How nonprofits can unlock
to help them be more effective in their missions.
FILE: SCAN OF THE ARTICLE AS PUBLISHED
- (Click here if you need a PDF
- by Patricia Dines
- January 2011
NorthBay biz magazine
With budgets and workloads already stretched
thin, keeping up with technological innovations can
seem like just another task added to the overflowing
plates of local nonprofits. But NorthBay biz has found
the good news
(c) Copyright Patricia Dines, 2011.
All rights reserved.
"With the economy the way it is, nonprofit leaders have other
things on their minds right now, like keeping the doors open,
paying their staff, and providing their services. But to the
degree that nonprofit leaders look at some of these [technical
tools], they'll be better off in the long run. You just have
to pick and choose what's best for your organization."
-- Linda Davis, Center for Volunteer and Nonprofit Leadership of
- If you talk to just about any nonprofit about its use of
today's technology, you'll likely hear variations on the same
double-edged themes. On the one hand, most nonprofits are
attracted to the idea that new software, websites, Facebook pages,
blogs, tweets, and online videos can help them promote their
organization, be more efficient, and advance their mission.
However, with budgets and workloads already stretched thin, these
new tech expectations can seem like just another task added to
overflowing plates, as nonprofits sigh and continue "making do"
with their existing hodge-podge of ill-fitting, disconnected
- The good news is that the same fertile explosion that makes
the current tech domain so overwhelming is also creating exciting
new options, often at quite affordable prices. Plus, organizations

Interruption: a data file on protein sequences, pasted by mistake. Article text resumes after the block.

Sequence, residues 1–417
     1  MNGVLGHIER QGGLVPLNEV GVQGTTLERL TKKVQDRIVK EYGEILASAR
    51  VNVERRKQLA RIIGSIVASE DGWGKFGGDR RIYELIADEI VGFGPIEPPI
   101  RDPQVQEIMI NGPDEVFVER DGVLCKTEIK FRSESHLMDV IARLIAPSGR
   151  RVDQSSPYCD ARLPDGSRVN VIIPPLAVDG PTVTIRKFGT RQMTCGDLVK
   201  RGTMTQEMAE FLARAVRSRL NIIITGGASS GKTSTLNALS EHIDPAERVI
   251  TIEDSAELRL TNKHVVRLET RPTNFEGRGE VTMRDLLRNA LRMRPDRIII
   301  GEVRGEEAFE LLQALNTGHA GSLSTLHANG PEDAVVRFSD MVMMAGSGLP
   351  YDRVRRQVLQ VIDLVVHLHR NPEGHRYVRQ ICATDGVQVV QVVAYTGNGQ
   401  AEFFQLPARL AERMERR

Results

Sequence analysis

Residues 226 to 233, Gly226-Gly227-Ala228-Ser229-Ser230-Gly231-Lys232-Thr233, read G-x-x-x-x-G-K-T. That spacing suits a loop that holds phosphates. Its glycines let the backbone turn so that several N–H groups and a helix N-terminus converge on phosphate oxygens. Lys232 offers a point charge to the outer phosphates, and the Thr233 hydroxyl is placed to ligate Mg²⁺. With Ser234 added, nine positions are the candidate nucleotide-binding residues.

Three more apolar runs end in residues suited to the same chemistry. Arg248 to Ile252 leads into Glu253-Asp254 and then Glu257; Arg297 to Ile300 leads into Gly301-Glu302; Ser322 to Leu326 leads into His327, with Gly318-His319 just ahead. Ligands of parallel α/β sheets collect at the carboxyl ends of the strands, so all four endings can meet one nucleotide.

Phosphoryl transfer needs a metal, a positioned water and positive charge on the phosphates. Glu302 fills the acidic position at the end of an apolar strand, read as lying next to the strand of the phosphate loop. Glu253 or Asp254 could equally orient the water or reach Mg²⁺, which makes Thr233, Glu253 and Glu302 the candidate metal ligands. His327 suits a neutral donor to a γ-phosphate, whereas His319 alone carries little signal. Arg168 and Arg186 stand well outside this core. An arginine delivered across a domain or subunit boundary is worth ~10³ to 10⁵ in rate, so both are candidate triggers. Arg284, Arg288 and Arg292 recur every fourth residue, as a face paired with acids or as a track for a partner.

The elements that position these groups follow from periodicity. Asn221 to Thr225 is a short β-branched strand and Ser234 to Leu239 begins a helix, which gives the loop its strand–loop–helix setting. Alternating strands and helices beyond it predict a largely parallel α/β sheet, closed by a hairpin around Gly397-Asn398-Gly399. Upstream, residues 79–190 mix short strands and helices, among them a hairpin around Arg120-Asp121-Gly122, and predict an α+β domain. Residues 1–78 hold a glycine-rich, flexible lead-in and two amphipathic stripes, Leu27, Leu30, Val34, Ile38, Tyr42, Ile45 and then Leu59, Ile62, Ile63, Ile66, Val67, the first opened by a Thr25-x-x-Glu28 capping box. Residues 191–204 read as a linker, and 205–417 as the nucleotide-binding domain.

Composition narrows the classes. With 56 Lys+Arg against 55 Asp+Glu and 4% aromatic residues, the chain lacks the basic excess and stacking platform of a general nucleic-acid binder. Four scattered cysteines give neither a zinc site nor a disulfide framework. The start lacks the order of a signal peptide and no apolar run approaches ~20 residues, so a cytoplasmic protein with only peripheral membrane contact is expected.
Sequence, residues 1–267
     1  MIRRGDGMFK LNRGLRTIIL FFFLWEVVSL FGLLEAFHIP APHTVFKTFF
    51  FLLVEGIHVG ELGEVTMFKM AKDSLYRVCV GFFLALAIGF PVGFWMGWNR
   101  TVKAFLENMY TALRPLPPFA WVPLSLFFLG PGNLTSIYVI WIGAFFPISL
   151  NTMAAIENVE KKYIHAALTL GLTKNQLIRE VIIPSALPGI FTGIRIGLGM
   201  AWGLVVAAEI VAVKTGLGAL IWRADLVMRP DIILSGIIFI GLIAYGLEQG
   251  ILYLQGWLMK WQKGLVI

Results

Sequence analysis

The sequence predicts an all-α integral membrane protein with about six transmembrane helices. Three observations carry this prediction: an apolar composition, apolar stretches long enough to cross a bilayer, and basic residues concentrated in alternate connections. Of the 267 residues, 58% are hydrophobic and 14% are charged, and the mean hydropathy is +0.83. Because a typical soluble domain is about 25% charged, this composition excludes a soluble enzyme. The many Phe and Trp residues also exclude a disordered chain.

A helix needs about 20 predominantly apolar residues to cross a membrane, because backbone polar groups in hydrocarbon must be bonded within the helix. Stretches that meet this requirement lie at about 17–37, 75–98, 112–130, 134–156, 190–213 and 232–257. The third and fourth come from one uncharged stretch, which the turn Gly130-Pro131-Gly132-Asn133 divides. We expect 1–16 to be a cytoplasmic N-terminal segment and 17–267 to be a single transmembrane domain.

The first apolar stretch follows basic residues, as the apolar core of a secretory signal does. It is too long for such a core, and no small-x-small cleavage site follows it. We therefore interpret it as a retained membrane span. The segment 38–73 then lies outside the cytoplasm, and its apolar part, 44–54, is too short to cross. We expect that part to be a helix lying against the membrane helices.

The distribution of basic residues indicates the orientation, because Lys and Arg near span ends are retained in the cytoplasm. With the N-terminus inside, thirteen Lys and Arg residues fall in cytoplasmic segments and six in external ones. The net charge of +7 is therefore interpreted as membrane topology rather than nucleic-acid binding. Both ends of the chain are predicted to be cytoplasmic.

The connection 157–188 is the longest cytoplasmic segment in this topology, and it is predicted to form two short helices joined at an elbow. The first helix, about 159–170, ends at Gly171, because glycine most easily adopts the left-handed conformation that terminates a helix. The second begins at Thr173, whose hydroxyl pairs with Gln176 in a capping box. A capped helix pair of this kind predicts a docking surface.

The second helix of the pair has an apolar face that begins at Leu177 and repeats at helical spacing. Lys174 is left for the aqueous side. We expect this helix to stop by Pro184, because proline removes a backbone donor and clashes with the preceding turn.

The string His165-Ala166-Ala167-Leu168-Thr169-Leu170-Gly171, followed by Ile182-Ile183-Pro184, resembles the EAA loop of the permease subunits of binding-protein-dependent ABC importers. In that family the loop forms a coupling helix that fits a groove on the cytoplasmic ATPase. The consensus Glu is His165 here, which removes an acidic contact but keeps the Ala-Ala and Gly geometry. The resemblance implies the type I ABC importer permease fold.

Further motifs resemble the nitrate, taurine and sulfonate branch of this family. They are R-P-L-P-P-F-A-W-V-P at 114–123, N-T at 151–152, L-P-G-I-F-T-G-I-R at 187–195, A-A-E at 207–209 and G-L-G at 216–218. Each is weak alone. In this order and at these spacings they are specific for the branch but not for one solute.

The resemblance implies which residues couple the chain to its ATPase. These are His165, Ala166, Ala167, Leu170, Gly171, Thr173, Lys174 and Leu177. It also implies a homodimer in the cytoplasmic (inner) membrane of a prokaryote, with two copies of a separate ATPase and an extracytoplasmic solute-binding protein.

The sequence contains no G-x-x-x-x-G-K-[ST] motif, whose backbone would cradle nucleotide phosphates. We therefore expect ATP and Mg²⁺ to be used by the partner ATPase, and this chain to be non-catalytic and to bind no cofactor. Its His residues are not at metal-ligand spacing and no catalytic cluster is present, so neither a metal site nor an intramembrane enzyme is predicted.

don't have to figure it out alone; there's help available for
discovering or affording those great solutions. Even better,
community members can pitch in and thus contribute to our shared
- Grayson James, executive director of the nonprofit Petaluma
Bounty, notices that nonprofits often struggle without knowing
that a better solution exists or "that it might not be as
expensive as they thought." In short, he says, "there's hope for
nonprofits that might be struggling to manage their data
- Setting the scene
- Melissa Breach, director of programs for the Center for
Volunteer and Nonprofit Leadership of Marin, observes, "It's hard
for any industry when drastic culture shifts take place." She's
just in her late thirties and yet, she says, "I'm an old lady by
technology standards. The people training me or doing social media
work are often 15 years younger than I am. Sometimes even I feel
like, 'Oh, it's a whole new world and I don't understand,' because
it's just not the way my mind works. But when I see nonprofits
that have found a way to pay for [new technology],
prioritized it, and used it to push their mission forward, then it
catches my attention."
- Chris Dumas is product manager at the San Francisco office of
FirstGiving, whose online fund-raising tools have channeled $1
billion from individuals to nonprofits. He notes that "technology
has changed dramatically in the past couple of years, and
nonprofit technology has benefited because the cost of producing
new products has gone down." However, he recognizes, "It's also a
very confusing space," because there are so many products, the
market changes rapidly, and nonprofits' needs vary so much.
"Navigating all that can be a challenge," he says.
- Starting the search
- Countless resources are available to help nonprofits find
appropriate tech solutions, including books, websites, workshops,
webinars, roundtables, consultants, and more. Dumas highlights
three helpful resources:
- Idealware (www.idealware.org), whose
tagline is "helping nonprofits make smart software decisions." Its
"thoroughly researched and impartial resources" include online
training, articles, and reports such as "The Nonprofit Social
Media Decision Guide."
- NTEN (www.nten.org), or the Nonprofit
Technology Network, which offers conferences, webinars, blogs, and
research studies, including, for example, "The Consumer's Guide to
Donor Management Software".
- TechSoup (www.techsoup.org), which is the
only online service that channels software donations from
manufacturers to nonprofits for just a small administrative fee.
It also provides refurbished hardware and online educational
information, including webinars and community forums where you can
ask specific questions.